The Violin Channel recently caught up with American cellist Michael Mermagen at the Aspen Music Festival and School – where we delved into his approach to tackling a new concert work.
“Often I find in my experience students take perhaps the backward approach to learning a new piece,' Michael Mermagen has told The Violin Channel, “ … I think a better approach might be to actually study the piece a little bit without the instrument.”
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MICHAEL MERMAGEN | ASPEN MUSIC SCHOOL & FESTIVAL | TACKING A NEW CONCERT WORK
"One of the questions a lot of students ask me is what should my approach be to learning a new piece?
Often I find in my experience student take perhaps the backward approach – which is to listen to a recording and practice it up to tempo - trying and get everything as quickly as possible nailed down.
I think a better approach might be to actually study the piece a little bit without the instrument; Look at the score, study a little bit about the composer, get a feeling for what characters are being expressed in each phrase, study the architecture of the structure of the movement, get a feeling for what it is you want to express.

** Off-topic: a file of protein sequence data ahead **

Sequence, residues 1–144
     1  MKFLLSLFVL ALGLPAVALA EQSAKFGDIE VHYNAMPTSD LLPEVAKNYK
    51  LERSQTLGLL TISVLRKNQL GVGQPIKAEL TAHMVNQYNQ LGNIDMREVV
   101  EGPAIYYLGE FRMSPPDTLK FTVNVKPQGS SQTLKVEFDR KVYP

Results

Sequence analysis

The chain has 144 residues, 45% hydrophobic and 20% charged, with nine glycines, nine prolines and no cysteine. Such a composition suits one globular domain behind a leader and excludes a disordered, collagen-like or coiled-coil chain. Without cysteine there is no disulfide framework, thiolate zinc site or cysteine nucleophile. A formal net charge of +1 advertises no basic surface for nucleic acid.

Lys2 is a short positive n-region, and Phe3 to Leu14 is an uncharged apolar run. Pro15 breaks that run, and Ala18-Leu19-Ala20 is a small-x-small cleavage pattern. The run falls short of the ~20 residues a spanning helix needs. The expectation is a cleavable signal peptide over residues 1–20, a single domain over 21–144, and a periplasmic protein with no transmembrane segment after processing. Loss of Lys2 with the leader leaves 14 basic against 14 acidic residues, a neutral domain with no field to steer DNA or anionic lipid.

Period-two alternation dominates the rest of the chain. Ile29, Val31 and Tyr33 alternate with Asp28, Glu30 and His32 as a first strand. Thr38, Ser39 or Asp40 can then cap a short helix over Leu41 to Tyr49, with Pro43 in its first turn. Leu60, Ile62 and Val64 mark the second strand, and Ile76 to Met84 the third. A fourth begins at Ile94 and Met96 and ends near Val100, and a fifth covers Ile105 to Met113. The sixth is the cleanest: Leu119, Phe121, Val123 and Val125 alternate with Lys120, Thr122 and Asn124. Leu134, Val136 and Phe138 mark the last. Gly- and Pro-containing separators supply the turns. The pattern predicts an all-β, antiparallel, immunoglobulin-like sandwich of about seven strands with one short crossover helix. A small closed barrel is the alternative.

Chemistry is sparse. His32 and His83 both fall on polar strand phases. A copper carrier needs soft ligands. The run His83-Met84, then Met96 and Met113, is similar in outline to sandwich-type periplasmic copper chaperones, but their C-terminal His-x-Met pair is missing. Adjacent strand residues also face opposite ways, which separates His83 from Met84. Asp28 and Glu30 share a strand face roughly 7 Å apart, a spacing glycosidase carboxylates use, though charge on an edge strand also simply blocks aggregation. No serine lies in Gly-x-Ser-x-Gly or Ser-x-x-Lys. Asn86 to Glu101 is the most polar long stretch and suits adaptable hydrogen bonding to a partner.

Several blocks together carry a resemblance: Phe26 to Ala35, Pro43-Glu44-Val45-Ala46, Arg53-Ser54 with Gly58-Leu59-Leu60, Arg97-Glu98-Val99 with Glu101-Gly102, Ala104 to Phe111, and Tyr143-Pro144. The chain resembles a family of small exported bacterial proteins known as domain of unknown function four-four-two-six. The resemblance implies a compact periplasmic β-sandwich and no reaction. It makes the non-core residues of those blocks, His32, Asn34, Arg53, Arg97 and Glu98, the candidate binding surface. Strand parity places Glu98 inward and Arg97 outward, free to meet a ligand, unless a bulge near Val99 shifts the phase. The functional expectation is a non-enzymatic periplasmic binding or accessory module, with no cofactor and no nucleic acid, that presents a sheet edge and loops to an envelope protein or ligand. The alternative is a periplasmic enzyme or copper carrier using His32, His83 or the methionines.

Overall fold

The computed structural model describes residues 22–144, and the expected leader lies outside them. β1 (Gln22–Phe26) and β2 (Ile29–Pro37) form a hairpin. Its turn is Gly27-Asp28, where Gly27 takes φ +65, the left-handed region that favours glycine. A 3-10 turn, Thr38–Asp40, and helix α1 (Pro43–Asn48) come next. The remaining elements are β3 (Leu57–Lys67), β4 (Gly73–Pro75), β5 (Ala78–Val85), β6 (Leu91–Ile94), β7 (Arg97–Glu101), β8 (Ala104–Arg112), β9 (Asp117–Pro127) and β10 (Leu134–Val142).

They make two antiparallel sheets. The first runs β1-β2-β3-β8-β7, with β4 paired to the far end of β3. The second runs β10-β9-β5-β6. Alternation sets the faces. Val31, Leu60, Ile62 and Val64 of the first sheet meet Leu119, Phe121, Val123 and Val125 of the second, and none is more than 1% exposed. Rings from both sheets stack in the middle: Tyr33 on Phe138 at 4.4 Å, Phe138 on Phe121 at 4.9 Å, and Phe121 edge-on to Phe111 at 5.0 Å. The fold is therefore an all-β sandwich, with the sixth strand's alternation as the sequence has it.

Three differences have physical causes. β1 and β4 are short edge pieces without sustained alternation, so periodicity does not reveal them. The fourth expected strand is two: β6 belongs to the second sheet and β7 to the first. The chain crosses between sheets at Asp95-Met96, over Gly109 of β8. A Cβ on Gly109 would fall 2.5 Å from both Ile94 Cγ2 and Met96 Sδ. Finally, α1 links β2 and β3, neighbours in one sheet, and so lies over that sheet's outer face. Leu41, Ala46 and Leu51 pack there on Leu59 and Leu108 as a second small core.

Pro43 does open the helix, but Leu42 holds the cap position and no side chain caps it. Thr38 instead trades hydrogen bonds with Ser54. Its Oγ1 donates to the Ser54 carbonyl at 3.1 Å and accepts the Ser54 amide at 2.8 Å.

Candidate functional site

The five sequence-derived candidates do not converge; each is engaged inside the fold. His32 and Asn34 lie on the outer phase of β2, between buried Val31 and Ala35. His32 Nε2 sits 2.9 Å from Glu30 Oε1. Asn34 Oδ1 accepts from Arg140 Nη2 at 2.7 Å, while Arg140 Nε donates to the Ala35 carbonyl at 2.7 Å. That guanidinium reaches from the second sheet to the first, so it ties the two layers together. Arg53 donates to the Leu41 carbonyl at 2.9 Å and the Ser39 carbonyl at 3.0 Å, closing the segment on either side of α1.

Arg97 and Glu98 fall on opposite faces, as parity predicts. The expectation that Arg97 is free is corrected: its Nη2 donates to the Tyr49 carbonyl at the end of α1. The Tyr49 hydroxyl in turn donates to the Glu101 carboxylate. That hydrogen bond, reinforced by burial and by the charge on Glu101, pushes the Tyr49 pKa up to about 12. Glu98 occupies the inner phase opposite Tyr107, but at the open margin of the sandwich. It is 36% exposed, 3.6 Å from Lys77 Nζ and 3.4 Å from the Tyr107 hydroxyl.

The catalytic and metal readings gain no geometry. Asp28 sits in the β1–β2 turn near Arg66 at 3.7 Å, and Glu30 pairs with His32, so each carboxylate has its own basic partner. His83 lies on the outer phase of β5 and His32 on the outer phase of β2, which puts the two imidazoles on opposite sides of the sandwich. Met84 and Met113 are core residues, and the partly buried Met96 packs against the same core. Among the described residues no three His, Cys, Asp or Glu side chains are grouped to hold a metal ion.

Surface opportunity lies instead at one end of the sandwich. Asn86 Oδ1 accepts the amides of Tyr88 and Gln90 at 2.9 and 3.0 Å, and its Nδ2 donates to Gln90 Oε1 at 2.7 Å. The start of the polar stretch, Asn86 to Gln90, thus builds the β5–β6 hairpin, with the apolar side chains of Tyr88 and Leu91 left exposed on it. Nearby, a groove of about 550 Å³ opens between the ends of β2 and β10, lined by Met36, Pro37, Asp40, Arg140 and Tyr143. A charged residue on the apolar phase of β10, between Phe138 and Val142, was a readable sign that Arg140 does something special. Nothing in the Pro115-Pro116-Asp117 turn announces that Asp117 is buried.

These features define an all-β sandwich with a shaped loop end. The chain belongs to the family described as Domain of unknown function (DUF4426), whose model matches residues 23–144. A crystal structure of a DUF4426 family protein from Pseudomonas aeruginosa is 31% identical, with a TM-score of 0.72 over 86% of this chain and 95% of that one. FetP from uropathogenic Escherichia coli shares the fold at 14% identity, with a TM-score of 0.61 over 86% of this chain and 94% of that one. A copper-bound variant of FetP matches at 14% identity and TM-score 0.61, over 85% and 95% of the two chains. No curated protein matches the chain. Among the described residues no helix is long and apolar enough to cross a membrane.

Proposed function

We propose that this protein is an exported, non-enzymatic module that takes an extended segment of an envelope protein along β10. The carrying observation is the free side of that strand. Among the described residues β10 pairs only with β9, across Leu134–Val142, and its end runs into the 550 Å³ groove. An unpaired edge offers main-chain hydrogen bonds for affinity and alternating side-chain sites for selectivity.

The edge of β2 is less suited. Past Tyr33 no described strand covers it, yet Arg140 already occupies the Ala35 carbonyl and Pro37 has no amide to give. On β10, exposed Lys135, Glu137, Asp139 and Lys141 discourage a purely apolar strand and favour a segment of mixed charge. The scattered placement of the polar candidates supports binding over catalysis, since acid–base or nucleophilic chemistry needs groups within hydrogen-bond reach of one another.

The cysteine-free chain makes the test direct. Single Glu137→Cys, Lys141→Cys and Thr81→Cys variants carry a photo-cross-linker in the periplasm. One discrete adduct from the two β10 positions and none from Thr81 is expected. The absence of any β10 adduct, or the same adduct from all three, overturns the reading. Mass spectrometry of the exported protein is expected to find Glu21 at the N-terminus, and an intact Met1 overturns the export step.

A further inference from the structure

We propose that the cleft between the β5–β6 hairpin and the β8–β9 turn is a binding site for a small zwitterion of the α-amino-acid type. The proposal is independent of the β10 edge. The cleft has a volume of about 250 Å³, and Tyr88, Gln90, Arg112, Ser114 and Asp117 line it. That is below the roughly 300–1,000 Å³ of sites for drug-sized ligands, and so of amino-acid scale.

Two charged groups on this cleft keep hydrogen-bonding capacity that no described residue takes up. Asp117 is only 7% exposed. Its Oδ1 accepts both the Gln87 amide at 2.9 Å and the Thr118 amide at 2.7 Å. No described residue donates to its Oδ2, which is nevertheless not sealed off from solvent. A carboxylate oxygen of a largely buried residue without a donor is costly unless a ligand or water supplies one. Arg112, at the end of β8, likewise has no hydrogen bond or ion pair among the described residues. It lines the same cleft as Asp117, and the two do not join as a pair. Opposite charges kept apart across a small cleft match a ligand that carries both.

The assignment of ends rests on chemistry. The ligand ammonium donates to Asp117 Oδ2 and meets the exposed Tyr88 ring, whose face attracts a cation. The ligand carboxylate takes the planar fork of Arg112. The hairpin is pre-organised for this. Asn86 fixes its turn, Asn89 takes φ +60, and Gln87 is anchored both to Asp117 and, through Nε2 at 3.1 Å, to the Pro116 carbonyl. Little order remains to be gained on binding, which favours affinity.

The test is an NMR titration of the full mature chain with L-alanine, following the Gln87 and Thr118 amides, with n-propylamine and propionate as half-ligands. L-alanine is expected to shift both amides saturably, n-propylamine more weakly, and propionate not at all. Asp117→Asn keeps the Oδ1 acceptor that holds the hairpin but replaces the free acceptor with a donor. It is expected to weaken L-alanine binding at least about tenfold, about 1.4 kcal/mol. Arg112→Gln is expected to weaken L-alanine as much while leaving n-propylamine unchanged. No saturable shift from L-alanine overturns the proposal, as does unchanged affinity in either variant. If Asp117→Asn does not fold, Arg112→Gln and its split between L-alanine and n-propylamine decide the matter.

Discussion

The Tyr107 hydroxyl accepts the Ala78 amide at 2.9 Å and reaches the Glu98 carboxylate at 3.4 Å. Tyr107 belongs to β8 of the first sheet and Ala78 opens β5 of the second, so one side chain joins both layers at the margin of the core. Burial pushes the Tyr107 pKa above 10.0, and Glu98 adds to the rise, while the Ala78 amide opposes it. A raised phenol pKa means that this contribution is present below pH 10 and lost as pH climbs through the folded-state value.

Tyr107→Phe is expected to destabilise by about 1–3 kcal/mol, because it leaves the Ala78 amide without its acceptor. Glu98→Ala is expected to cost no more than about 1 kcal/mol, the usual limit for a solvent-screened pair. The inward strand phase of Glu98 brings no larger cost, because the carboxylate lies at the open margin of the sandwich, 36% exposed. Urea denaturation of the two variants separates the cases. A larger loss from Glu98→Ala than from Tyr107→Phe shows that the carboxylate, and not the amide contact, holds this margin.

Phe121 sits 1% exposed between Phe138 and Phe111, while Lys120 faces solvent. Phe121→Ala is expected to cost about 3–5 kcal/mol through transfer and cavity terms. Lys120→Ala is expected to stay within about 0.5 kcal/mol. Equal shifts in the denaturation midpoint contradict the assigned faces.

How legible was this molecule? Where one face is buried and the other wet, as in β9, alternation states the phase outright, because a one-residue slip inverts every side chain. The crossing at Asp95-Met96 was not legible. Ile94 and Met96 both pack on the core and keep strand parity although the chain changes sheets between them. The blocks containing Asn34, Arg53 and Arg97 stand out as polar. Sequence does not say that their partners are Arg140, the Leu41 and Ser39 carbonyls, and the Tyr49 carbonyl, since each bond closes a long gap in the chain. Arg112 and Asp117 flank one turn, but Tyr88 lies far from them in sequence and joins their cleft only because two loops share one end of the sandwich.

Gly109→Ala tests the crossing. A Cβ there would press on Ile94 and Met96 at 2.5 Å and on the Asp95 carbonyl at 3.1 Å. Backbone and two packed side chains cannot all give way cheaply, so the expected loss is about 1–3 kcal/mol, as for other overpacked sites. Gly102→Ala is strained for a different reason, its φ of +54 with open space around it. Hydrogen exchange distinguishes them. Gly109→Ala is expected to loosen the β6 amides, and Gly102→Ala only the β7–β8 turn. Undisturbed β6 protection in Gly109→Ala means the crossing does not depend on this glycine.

Since one of the most important things about performing is communicating the music to your audience, I feel you need to have a very good sense of what that meaning is.
Then after you get that meaning and get those characters decided on, then you can use your tools of tone, vibrato, articulation, timing and types of rubato.
All of these elements are your tools of vocabulary to develop the language that you use to express the music to your audience.
And the better you get at using these tools and the language, and the more fluent you become, the more instinctive you play – and you can even enjoy some spontaneity in the performance.
So when you practice, don’t forget to practice slowly and carefully to work out all those details but also take a different approach and start without the instrument and study the music a little bit."